A previously missing link that could help explain how our minds combine experiences from many different senses into one memory may have finally been found by scientists.
Dietmar Plenz and Tara Thiagarajan at the National Institute of Mental Health in Bethesda, Maryland observed that groups of brain cells of two awake macaque monkeys appear to have their own version of quantum entanglement, or "spooky action at a distance" that could explain memories.
The researchers saw that patterns of activity, dubbed "coherence potentials", were mimicked or "cloned" and were more complicated than the simple phase-locked oscillations.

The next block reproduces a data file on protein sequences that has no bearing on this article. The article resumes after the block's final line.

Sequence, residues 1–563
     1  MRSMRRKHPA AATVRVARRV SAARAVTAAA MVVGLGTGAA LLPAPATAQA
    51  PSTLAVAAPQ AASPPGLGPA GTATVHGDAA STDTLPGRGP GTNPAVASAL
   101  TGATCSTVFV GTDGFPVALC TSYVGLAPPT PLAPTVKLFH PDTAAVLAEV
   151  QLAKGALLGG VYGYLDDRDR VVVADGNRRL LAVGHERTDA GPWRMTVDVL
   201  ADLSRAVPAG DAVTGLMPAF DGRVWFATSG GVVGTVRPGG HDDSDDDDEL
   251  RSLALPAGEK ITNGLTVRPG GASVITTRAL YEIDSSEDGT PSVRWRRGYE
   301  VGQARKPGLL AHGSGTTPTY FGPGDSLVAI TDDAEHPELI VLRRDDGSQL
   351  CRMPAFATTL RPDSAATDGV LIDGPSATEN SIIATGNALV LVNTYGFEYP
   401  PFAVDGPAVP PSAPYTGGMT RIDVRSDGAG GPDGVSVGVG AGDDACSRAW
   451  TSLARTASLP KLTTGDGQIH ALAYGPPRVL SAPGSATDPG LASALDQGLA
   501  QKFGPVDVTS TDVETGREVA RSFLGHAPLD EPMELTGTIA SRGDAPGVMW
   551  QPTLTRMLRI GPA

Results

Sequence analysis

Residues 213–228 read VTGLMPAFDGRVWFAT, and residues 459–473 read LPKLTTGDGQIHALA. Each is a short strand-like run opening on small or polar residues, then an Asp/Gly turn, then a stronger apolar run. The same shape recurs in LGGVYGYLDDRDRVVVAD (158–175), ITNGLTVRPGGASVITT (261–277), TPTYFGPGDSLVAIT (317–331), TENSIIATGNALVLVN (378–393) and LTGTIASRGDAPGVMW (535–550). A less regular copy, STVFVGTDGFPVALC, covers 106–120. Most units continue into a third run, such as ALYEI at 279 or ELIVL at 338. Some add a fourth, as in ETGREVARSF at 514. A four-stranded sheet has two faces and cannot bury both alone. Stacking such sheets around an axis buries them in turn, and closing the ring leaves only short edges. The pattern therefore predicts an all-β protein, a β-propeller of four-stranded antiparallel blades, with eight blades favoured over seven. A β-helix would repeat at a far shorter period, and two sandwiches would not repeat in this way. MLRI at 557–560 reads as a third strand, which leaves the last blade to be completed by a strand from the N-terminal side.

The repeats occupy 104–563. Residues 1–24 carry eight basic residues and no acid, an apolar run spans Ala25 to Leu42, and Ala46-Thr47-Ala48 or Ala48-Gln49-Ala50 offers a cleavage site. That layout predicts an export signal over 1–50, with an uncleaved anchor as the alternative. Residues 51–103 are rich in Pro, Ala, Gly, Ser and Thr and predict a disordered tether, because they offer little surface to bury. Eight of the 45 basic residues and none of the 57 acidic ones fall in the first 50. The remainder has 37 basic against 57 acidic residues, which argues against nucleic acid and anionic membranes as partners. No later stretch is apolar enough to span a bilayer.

"The precision with which these new sites pick up on the activity of the initiating group is quite astounding - they are perfect clones," New Scientist quoted Plenz as saying.
Plenz also likened the appearance of cloned signals after one region had reached a threshold level of activity to the "tipping point", suggesting a coherence potential maybe triggered in the various parts of the brain that store aspects of the same experience.
Karl Friston, University College London, dubbed the discovery "a missing piece of the jigsaw puzzle" in terms of brain message transmission.